How can we manage the impact of Californian droughts?

After multiple years of water shortages, California is experiencing a range of exceptional challenges. Joe Biden’s recently ordered environment review shows that problems such as drought are being taken seriously at a national level, but in the heat of the Californian sun particularly, action is needed sooner rather than later. 

During long hot summers, drought can seem INsurmountable, but there are reasons for hope. It’s clear that investment is taking place across the state and many lessons have been learned from past water shortages. In South California, the Cadiz Water Project is tackling the problem of water scarcity by trapping and conserving supplies that would otherwise evaporate in the heat. Eventually, they hope to provide fresh water to 400,000 families in the area and maintain a fully sustainable supply. Innovations like this are essential if the impact of drought on the California environment is to be managed successfully. Here’s a closer look at the ways in which water shortages are influencing life in the state. 

Out of control wildfires 

Although wildfires are always destructive, many occur naturally and preserve the ecological balance. The difference between these small cyclical wildfires and the more recent California wildfires relates to their size. In 2020 and 2021, the Dixie and the August wildfires burned for months in North California forest areas. Decimating almost a million acres of land, they also claimed lives, ruined homes and devastated businesses. Months of intense fire contributes to air pollution, as well as killing wildlife and shrinking habitable areas for the creatures which manage to survive. 

Wildlife habitat is changed for good 

As drought conditions continue and wildlife is displaced, animals and birds are forced to find new places to live. As a result, the number of encounters people in California have with all kinds of animals is likely to increase. This won’t just involve seeing the occasional bear or rattlesnake in built-up areas. Smaller animals like rats and mice will be unable to feed on the seeds and fruit that often make up their diet. This will lead to them building nests and burrows in walls or foundations of buildings, then feeding from garden scraps and garbage.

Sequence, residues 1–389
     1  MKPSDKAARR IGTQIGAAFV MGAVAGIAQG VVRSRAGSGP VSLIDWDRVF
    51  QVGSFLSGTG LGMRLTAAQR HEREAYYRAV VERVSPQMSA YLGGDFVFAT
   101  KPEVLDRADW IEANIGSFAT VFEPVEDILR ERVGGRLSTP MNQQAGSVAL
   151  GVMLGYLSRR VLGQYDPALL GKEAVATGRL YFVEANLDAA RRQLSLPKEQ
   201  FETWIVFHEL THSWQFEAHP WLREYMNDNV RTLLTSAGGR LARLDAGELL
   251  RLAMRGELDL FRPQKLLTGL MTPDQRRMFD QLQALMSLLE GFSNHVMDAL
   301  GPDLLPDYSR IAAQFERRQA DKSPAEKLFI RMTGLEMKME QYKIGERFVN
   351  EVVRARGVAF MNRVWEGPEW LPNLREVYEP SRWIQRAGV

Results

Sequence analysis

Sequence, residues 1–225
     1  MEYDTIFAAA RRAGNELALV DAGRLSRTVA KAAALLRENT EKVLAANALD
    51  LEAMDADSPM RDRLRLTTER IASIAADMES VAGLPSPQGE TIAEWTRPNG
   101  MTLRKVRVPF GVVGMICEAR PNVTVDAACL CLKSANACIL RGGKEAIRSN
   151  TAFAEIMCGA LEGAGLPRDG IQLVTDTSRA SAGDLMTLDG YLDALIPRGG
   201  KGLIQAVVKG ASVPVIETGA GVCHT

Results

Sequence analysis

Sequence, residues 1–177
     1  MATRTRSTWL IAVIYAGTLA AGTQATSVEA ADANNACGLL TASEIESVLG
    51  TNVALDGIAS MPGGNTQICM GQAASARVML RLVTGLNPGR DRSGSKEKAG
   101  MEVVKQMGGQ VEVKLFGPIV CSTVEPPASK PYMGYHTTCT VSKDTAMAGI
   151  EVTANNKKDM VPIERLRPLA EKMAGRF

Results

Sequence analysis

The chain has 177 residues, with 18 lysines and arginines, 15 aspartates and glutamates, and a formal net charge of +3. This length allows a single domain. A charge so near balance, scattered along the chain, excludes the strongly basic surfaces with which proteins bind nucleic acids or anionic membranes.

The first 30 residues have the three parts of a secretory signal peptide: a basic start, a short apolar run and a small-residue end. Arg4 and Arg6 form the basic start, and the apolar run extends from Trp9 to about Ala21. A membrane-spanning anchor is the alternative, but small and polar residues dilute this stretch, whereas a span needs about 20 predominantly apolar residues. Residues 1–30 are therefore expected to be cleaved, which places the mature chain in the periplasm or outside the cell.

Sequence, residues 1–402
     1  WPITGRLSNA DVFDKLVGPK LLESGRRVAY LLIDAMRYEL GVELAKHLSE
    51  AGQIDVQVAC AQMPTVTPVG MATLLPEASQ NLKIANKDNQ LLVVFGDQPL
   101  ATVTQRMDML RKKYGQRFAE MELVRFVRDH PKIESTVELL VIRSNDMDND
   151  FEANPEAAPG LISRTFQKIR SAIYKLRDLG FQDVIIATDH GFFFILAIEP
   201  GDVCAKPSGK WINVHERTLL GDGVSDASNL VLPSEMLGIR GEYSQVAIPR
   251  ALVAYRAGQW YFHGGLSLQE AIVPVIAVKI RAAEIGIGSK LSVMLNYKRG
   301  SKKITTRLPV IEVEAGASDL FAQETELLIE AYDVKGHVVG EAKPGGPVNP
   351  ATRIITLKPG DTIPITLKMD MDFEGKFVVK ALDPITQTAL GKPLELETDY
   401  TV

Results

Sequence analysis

Dented energy supplies 

Around 15% of the power supplied to Californian homes and business is generated by hydroelectric turbines. These are situated in a huge network of dams, reservoirs, rivers and pumping facilities. When water levels are low, generating power becomes more of a challenge and in the most recent spate of droughts, the amount of hydroelectric used by the state dropped to just 7%. In the short term, California has enough sources of power to cope with this dip, but in the future, it could mean an over-reliance on fossil fuels. 

Farmers struggle to irrigate their pastures 

The fertile lands of California are used to grow numerous fruits and vegetables, as well as cotton, walnuts and almonds. In order to keep each crop in great shape, the farming industry is particularly water-intensive. Even dairy and beef farms rely on green pastures to keep their animals healthy, but this can lead to compromises being forced on the farmer. Often, leaving fields fallow and delivering less to market is the only way to cope, but a lack of produce quickly leads to price increases for the consumer. 

Why action is needed

When severe drought becomes the norm and nothing is done to fix the problem, no part of California will escape the consequences. At present, cities, rural areas and farms have been able to adapt relatively well, but this is unlikely to continue, especially in more vulnerable remote areas. Moreover, a crisis is brewing for the local ecosystem. From birds, to fish and forests, the land is under stress and some species are now at risk of extinction. 

All sections of the community are involved in the cure

In communities, people can minimize their personal water use in simple ways. These include using a broom rather than a hose to clear driveways, collecting rainwater in a butt and ensuring that any plumbing leaks are taken care of. Local councils, of course, have to think bigger. They are investing in technologies that allow us to obtain water from sources that are often over looked. These include the type of storm water harvesting that happens in Anaheim Lake when the Santa Ana River is high flowing, seawater desalination, such as that planned for the Carlsbad desalination project in San Diego and waste water recycling.  

Change is needed now

It’s certainly not too late for positive change to take place, but the coming years will be a test of how the state can manage its water supply infrastructure. The involvement and commitment of all Californians will help to alleviate the most pressing threats. Then, long-term water-saving solutions and strategies for drought resilience will ensure the state is prepared for the future. 


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